Happy New Year.
Whatever resolution you might have set for yourself this year, I wish you all the very best in achieving it. One of the ways we can succeed in meeting our goals is to be fully present.
The way to be alert and aware of yourself and your surroundings is to get to know yourself. And retreat is a powerful way of doing that.
During a retreat we cut ourselves off from the external world (as much as is possible), and redirect energy, focus and attention inwards. In a secluded and distraction-free space (no media, games, novels and so on), we attend to our emotions, thoughts, feelings, and interactions, if any. We notice the constant inner chatter, topsy-turvy mind, and emotional fluctuations.
Being with ourselves in an open and spacious welcoming way will, over time, reveal our usually unconscious motivations, fears, and limiting beliefs.
A journey of self-discovery doesn’t necessarily have to be at a retreat center or in some exotic locale. It can be done in the privacy and comfort of your own home (with a few minor adjustments).
Set aside a dedicated space. It’s optional, but you could set up a little table with a few inspiring items on it. These should be meaningful things that encourage you to persevere in your meditation retreat. Sit in front of it for your meditations.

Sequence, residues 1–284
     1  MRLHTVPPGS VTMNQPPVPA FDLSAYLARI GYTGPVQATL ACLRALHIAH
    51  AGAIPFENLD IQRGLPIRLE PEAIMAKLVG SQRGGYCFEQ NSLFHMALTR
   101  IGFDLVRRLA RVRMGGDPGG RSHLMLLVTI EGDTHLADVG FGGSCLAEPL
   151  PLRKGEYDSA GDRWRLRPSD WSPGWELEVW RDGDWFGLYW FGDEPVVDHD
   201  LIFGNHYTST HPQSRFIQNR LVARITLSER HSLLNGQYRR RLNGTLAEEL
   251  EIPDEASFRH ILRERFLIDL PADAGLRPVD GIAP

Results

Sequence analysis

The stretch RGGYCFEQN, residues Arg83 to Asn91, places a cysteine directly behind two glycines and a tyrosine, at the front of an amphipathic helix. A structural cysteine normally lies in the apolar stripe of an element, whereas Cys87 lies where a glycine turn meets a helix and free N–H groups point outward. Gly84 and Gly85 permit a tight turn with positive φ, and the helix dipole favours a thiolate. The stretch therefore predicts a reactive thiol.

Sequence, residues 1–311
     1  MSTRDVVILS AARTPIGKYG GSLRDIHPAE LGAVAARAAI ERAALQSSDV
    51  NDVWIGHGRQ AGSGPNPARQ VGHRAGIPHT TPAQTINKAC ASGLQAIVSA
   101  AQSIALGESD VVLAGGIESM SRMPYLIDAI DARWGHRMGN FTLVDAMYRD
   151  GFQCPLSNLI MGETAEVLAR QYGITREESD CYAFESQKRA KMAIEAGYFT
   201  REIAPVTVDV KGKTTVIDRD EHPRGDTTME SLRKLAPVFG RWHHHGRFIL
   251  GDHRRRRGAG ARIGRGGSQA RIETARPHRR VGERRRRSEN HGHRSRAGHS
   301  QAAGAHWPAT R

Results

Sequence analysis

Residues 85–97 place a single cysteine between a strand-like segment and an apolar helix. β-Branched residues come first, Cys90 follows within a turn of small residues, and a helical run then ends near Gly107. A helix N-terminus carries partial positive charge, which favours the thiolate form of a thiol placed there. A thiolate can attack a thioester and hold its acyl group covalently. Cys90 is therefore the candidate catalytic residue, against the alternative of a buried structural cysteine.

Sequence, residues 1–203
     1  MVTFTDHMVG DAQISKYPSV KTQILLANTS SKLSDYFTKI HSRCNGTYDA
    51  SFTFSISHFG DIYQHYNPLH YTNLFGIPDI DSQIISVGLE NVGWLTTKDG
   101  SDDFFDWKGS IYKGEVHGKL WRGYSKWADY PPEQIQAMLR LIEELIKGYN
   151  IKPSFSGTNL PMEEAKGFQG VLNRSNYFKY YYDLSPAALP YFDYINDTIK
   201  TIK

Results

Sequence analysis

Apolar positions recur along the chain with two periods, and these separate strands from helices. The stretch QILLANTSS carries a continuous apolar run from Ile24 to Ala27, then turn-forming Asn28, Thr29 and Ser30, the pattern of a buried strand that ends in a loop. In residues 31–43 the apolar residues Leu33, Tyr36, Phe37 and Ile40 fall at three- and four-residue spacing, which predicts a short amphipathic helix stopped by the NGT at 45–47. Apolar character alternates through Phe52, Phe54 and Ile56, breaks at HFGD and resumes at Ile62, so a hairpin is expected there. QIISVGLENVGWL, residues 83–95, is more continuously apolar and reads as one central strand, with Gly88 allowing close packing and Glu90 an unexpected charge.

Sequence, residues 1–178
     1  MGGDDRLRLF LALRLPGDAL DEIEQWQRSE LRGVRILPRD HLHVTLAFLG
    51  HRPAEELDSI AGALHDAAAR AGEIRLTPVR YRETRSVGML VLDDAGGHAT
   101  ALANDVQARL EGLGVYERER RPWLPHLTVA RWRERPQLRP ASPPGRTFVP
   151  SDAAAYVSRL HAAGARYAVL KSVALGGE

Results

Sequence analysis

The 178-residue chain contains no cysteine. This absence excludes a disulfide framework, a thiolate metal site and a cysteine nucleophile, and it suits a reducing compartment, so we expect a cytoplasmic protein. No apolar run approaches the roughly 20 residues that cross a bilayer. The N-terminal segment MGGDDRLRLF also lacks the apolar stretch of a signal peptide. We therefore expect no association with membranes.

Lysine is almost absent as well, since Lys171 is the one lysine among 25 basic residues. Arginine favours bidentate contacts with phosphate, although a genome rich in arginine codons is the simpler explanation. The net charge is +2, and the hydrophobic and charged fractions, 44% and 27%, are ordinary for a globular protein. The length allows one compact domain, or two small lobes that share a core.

Your retreat time does not have to be spent only sitting in meditation. Of course, there are retreats with this intensity and focus. But it is important that you structure your retreat to be as nurturing and revealing for you as you want and need.
Your self-time should include some sitting meditation practice. Focusing your mind on your breathing is a powerful healing, centering, and stabilizing tool. You don’t have to necessarily sit in a meditation posture, but it can be helpful in preparing your mind and body for the inner journey.
Dedicate some time to absorb and process your experiences and discoveries about yourself; this can be through journaling, but it can also be simply thinking and reflecting.
If you are new to meditation then you should consider maybe doing 2 or 3 formal sitting meditation sessions of about 10 minutes each. Before you sit down to meditate, read some inspiring, uplifting, and supportive material. Ideally your first meditation session should be before breakfast, the 2nd before lunch, and the 3rd before dinner.
In between sitting sessions, you can read, journal, take a walk, sit quietly, nap, or simply be in nature observing life, and your reaction or response to it. As you are preparing your meals, dressing, showering, and so on, be mindful of what you are doing and your thoughts.
Essentially, focus on activities that will relax you and help you connect to yourself in a new deep and clear way. A calm and rested mind and emotions will help you see yourself, your life, and experiences in a whole different light. Make your retreat a journey of self-discovery.
Friends, I will be in retreat from February until April, so for the next 3 months I won’t be publishing any articles. But check out previous years' articles on my site if you need guidance and inspiration.
May your retreat increase your mindful presence.